The moon’s casting some spells tonight.
All the iris wands stretch up to hear.
Moon song seeps into their furled buds.
They listen to the songs of transformation,
leaning into the miracle, getting ready.
This morning I discovered my backyard had become a crystal wonderland, and then I passed a crow in a tree meowing at the moon. A couple hours later, he was still at it, sharing his wintry secrets.
Just a tilt can do it. Some of my favorite times are the glimpsed patchwork memories that overlay a moment and suddenly have me living in two places at once.
Yesterday, as we drove through a rush hour intersection and I glanced up at the hanging green streetlight, was it the raised slope of my gaze that fired distinct synapses? Because then I found myself concurrently in a live memory of sitting by a lake house window almost three decades ago, gazing at the creamy sunlight shining past the green trees. Flash! I was there, drinking in the land and quiet. Just as I was when I was fourteen, there I was in Virginia again. And I’ve always been the same me whether fourteen or forty-two.
We drove on through the Albuquerque intersection, and was it that as soon as my gaze lowered the live memory was gone? Or did it escape along with my awareness of where my relaxation and visions were originating. In any case, I was more fulfilled for the memory, as we drove on past the drivers and orange construction cones, that I can go so many other places, and that I’ll always be me.
Our brains seem like such electrical operations, with currents and tiny connections that produce 3D miracles, and respond, just like a faulty radio, to a little tilting or even a good shake.
This life, huh? Who even knows about it, but we continue on anyway because it’s mealtime and someone has to cook. We strive toward ideals and then have to learn the skills to accept what actually happens. Society lauds lofty goals and impressive treasures, and then we each deal privately with the real necessities in life—fortitude, forgiveness, adaptation, love. Those are the ingredients that make or break a life. How do we keep going and make a good time of it. Part of creating a successful, valuable life involves looking past the highlighted targets and aiming at those subtle bulls’-eyes that would create the most difference, despite what others say, whether or not anyone else can see them. I don’t understand why there are these two realities so contrasting—the public view of life and the private. But so it is.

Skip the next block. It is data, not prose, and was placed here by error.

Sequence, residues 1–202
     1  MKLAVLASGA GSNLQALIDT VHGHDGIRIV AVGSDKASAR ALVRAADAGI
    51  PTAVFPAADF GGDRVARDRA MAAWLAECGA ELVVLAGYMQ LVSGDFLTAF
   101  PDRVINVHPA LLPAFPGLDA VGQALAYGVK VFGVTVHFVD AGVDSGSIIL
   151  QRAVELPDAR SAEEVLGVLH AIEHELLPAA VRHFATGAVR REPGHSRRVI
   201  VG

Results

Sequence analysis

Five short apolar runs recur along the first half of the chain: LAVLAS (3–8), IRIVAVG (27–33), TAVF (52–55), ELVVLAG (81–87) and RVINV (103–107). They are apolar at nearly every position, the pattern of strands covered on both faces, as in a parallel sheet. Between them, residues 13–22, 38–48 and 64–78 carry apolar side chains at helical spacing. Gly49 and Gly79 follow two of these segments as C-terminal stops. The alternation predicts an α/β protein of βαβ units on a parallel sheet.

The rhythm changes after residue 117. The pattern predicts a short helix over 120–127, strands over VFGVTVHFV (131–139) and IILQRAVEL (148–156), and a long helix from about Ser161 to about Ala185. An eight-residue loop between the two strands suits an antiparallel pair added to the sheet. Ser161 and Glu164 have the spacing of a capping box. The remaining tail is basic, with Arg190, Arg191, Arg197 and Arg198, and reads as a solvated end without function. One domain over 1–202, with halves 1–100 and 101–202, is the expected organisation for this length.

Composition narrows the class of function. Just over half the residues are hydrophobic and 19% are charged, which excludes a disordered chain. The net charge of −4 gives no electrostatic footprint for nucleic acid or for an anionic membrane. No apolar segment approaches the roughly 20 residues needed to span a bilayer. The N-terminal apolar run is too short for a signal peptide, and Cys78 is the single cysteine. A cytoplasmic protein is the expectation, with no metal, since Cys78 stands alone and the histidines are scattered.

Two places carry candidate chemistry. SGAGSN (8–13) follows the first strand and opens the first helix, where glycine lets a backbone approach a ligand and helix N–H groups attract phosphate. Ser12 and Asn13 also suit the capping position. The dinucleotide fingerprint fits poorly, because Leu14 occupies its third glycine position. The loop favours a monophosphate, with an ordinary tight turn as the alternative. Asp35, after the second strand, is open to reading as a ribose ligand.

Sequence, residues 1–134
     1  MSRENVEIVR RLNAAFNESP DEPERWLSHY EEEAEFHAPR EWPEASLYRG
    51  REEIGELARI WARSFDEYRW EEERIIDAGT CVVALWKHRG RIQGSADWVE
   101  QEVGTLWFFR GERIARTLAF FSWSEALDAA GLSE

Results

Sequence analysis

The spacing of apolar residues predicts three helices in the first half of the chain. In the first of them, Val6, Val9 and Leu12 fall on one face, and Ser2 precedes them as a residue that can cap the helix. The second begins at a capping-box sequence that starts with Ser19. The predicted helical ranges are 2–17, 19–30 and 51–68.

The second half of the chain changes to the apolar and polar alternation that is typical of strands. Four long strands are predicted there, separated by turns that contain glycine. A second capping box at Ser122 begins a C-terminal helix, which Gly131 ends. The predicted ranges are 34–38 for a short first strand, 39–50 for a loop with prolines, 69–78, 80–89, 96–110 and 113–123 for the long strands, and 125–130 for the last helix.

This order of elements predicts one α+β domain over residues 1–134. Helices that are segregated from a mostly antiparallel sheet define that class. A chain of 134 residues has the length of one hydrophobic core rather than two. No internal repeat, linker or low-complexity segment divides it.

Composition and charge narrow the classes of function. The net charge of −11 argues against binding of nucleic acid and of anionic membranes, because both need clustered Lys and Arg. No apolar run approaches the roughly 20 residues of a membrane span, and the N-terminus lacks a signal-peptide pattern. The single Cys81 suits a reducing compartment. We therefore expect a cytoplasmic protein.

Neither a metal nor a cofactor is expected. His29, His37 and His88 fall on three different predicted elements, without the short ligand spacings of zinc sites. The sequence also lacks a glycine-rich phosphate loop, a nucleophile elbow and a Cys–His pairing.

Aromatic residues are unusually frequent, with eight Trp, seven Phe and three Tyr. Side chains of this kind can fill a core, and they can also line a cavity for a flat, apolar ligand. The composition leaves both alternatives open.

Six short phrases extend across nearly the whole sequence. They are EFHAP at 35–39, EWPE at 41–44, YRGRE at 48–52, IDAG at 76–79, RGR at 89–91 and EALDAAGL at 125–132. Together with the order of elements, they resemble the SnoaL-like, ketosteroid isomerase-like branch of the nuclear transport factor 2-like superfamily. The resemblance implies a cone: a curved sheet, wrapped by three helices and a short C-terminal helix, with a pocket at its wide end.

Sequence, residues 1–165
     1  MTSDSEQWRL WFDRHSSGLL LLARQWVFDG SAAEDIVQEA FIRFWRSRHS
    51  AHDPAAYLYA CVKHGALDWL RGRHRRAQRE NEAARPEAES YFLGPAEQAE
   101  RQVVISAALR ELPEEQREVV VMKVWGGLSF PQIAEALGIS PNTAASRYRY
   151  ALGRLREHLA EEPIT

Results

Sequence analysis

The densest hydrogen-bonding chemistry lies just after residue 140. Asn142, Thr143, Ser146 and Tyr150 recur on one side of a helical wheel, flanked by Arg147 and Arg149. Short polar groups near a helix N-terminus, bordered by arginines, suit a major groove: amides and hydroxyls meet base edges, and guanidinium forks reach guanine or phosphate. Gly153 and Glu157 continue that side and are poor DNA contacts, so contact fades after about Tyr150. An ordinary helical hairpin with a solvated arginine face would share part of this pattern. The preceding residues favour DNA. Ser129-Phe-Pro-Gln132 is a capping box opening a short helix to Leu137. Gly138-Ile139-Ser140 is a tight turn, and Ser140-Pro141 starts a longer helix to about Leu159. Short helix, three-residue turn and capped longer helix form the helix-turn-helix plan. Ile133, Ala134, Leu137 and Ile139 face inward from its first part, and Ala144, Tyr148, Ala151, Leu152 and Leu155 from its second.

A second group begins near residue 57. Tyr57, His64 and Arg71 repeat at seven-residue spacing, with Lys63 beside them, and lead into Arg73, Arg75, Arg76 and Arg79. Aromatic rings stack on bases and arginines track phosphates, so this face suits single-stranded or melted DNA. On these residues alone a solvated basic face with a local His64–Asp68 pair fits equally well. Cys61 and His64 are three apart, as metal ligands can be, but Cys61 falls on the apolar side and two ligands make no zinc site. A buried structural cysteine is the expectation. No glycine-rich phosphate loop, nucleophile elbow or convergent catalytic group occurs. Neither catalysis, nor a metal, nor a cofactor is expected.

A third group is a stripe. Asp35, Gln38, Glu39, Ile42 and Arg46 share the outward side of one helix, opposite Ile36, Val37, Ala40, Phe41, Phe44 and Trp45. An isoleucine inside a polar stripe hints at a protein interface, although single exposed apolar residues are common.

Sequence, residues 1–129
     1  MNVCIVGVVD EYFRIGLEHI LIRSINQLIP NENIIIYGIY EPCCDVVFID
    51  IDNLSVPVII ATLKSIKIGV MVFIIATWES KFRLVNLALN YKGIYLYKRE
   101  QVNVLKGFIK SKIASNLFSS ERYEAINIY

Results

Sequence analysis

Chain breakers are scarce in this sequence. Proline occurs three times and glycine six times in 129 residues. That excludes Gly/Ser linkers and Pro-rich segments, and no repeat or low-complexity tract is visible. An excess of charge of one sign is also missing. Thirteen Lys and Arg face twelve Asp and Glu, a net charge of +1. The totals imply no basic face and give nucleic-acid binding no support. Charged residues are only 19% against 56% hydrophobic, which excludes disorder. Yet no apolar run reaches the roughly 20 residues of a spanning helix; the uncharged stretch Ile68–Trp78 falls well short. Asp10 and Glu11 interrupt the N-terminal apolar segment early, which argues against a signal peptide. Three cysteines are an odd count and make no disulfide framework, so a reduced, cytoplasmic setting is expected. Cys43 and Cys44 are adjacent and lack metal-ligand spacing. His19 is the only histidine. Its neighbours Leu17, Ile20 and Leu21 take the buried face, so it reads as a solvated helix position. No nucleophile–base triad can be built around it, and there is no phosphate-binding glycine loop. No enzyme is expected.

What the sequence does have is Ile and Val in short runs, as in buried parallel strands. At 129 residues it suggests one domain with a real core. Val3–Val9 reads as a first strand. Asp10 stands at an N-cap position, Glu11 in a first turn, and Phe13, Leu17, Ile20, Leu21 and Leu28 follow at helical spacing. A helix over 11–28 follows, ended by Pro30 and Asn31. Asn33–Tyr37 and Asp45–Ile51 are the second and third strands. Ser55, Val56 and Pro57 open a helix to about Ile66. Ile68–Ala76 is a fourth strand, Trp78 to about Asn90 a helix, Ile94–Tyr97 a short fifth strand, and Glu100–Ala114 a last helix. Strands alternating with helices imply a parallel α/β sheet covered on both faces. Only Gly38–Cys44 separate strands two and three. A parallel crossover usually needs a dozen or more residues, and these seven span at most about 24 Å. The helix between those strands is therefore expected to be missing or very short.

(This is what my left hand had to say today. It’s fruitful to give it the pen sometimes.)
Here’s a little piece I wrote almost a month ago, April 28, 2015. I just reread it and thought I’d share. It reminds me of how wherever we’re at, we’re mid-transition, all the time.
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Isn’t it nuts that it’s almost Beltane? It’s fascinating to feel the seasons turn inside me, to feel my soil churning and warming and observe the new growth pushing past my surface, knowing what to do all on its own, how to turn warmth and light and nutrients into all these new aspects of me, growing and strengthening and one day able to bloom. I even have some small blooms opening on me now—like ground-cover plants with many tiny white blossoms—seemingly unscented till you bend way down, get your nose right in there, and then you can catch its small sweet whiff. That might not seem so impressive unless you knew how thoroughly never-ending-winter I’ve felt, how I was trying to be okay with being fallow, since I couldn’t find a choice in the condition, how I thought winter was how I’d stay, so I struggled to swallow the clay and call it water. But now, standing on the raised lip on the edge of May, I see and feel the new shoots growing through my inner compost, breaking up the old death and rot, combining ingredients, adding heat and energy to waste, until my humble opening blossoms release a breath fresh and sweet. Miracles of life. It’s in the live moment that I receive the world and myself.
Here’s a recent little audio piece, a snapshot of now, with help from Matti Greenman of Elkman Films.
In my dream, I was telling the sad giant it was okay that he wasn’t a hard torrential rain like his brother, because even slow gentle rains like him can have the same effects if they last long enough. He was big and bald and crying in a motorcycle sidecar, but the thought that he could cause huge damage too made him tilt his shaved head and smile shyly.
Praying mantis on the screen outside my window, languorously cleaning herself — licking elbows to wipe around and across her ruby eyes, swiveling her triangular head — completely mesmerizes me, puts me in a spell as I observe for I don’t know how long, and then she tilts her head back to face me and we just watch each other. She tracks my movements in 20 degree shifts of her neck’s angle, and finally lifts a folded arm to lick her elbow and slowly, carefully continue preening the top of her head.